Sixteen months. Sixteen MONTHS?! Yesterday, my daughter completed the last AP exam of her Junior year in High School. Which means (Lord willing) she will be leaving for college in sixteen short months. I am not a doctor, but my guess is the number one cause for hyperventilating moms is realizing they only have a few months left to “finish” full-time parenting.
I know a mother’s job and influence continues, but the opportunity to impact your child on a daily basis ends for most of us when our child heads off to college. While that’s a wonderful, exciting time in her life, it can cause a bit of panic in mine. I picture myself trailing after her towards her dorm sharing vital tips of wisdom – “Remember to cook that at 350* for 30 minutes”, “Never take any wooden nickels” (A favorite in my family, although I’m still not sure what I was supposed to do!) and “Wash your brights separate from your darks, if possible.”
When your first child is about two or three years old, it seems like most of your day is spent in correction. In our house, it was the “terrible three’s”. I remember calling my dad during a particularly “no” filled day and asking if I would still have to punish her this often when she was older. He promised me if I were diligent at three, then the rest of her childhood would seem easy in comparison. He was right. After those crazy few months, our daughter has been delightful and punishments have had to be given only rarely.
At some point after the year fondly known as “establishing who the parents are”, we tend to go into more of a maintenance, correction mode. Most parenting books will tell you this is a result of establishing firm but loving boundaries when your children are young (for the most part!). Because rebellion becomes less common in our homes, we sometimes forget to train our children how to avoid sin and deal with ongoing temptations.
Life is about choices. Every choice we make has some sort of consequence. It may be good or bad, but something happens because of the choices we make. Many are so minor we don’t even notice them. Others can change our entire world. Some consequences may be immediate, while others will happen years later. As Christians, we also believe that some of our choices have eternal consequences.
Part of teaching our children to make good choices is teaching them how to prioritize. Eternity changing decisions need to be made with the most thought and prayer. Choices about what to have for breakfast shouldn’t require as much of our time and effort. Yet often, we find our priorities have gotten all out of order. Suddenly we find we have spent hours searching for the perfect outfit, but don’t have the time to read our Bibles or attend Church.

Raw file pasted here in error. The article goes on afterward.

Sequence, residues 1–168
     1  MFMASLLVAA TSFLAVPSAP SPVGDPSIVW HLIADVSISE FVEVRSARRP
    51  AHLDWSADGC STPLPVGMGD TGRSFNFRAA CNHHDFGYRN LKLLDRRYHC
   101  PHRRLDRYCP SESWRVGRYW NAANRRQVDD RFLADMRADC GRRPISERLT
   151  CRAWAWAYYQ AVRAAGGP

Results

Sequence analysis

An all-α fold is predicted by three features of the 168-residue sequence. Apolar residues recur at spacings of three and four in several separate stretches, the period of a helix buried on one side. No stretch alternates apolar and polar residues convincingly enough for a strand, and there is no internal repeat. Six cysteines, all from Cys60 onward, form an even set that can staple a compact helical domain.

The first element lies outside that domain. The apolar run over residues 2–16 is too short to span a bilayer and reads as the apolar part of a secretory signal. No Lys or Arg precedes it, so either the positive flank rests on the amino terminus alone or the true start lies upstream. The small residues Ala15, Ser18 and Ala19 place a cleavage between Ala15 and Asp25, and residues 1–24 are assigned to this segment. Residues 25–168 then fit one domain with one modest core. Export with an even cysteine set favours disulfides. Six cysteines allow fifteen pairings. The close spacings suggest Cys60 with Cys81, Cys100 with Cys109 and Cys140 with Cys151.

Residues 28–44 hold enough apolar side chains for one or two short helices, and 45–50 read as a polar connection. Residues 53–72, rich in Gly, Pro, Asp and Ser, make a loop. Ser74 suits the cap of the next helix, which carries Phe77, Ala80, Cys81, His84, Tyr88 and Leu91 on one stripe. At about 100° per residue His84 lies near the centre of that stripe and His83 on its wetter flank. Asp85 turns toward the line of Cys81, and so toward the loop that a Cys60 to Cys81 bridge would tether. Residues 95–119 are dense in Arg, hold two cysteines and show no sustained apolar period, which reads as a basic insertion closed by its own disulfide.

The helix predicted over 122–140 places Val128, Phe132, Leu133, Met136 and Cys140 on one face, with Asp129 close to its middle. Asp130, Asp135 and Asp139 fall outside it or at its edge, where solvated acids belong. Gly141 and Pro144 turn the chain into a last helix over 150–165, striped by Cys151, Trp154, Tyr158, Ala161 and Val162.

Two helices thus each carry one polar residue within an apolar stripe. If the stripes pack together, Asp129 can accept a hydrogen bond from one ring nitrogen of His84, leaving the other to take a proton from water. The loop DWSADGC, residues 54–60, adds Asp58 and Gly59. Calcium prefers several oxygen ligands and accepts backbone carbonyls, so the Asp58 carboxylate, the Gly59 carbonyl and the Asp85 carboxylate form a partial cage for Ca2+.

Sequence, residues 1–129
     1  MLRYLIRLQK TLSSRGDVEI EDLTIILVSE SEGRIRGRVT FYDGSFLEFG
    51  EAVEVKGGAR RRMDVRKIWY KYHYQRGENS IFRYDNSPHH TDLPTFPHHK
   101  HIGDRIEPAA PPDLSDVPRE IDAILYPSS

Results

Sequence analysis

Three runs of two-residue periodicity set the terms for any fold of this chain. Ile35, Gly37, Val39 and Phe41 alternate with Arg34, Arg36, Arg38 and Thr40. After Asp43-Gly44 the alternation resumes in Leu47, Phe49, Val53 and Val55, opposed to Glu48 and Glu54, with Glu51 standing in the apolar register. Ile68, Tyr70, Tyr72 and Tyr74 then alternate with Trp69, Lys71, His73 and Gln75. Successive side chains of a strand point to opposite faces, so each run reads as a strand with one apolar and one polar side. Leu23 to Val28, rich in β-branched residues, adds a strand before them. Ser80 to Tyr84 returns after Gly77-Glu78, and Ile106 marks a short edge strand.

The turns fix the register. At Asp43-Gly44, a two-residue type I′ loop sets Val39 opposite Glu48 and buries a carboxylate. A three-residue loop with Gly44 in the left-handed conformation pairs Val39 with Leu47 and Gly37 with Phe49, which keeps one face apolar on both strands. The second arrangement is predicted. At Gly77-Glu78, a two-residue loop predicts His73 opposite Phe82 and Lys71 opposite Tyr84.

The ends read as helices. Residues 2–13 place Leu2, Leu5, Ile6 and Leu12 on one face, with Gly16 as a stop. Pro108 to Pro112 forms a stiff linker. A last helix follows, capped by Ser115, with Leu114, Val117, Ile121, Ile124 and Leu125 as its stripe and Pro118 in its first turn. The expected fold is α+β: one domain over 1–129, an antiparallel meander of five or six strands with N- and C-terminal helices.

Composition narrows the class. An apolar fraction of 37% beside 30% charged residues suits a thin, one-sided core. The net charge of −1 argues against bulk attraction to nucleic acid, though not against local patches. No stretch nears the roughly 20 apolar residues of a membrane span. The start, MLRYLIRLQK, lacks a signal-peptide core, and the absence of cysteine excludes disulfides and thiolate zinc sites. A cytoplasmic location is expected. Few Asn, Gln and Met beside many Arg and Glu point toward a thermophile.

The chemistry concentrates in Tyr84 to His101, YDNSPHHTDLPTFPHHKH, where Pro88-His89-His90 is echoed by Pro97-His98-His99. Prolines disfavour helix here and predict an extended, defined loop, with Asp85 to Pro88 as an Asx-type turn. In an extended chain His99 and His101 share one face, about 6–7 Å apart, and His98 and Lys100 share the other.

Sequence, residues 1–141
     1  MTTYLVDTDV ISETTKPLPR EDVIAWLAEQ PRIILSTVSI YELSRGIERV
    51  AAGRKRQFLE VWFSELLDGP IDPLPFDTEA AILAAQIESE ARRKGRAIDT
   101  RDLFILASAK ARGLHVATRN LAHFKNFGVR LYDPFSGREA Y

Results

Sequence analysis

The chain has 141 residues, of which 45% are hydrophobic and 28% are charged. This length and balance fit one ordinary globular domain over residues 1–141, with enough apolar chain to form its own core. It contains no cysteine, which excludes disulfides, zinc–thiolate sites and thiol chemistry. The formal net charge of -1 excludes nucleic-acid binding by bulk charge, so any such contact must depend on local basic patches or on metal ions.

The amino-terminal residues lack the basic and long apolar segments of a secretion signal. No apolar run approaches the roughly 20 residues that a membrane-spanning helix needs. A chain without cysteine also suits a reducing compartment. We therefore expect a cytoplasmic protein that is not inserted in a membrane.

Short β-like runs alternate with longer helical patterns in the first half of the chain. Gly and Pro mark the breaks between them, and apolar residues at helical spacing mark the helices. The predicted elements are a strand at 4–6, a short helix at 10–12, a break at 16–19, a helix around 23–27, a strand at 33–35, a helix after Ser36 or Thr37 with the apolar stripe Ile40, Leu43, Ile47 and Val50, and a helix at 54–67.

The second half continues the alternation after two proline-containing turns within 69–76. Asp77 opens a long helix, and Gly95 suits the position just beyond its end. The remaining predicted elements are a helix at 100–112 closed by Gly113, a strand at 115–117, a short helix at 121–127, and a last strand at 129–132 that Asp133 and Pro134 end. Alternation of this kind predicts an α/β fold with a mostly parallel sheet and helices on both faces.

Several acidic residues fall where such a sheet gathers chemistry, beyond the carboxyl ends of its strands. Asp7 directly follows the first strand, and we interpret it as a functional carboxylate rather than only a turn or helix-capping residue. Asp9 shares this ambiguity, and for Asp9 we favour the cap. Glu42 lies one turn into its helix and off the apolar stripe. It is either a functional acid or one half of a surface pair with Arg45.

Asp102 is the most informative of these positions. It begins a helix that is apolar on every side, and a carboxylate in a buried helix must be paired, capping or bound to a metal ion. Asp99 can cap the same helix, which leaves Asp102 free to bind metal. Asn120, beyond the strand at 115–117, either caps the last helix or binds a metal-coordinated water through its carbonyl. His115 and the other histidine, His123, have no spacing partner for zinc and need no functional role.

Most non-profits will tell you one of their biggest battles is convincing people to no longer be apathetic about the social problem their group is trying to address. Many spend countless hours and dollars developing ways to help people understand the urgency of the problem. Groups like charity: water and Toms have actually done a great job of informing and engaging people about their mission with creativity and style.
We know our world is filled with more problems than we can count. We know God commands us to serve others and teach them about God. The pure enormity of the problem is overwhelming. So overwhelming, most people become apathetic. It is easier to block out all of the problems and opportunities and focus on our little world, where we feel like we have more control. The problem is, not only are we not in control of anything, the problems of the greater world can become so large they begin to invade our personal worlds. I think everyone learned that lesson in very real and horrible ways during World War II.
One of the most effective ways to teach your children God’s principles and concepts is through casual, but planned conversations. Some parents call them teachable moments. A teachable moment is when another child almost darts into the street and then a car whizzes by. The parent uses what just happened to reinforce or introduce the concept of “that is why you don’t run into the street without looking, because he could have been killed!”
Teachable moments are different than lectures. There is almost a “we are in this together” tone to the conversation. The conversation mentions the rule or the principle but focuses more on the natural consequences of not obeying the rule or principle. (As opposed to the more lecture oriented “If I ever catch you, I will ____” consequence!)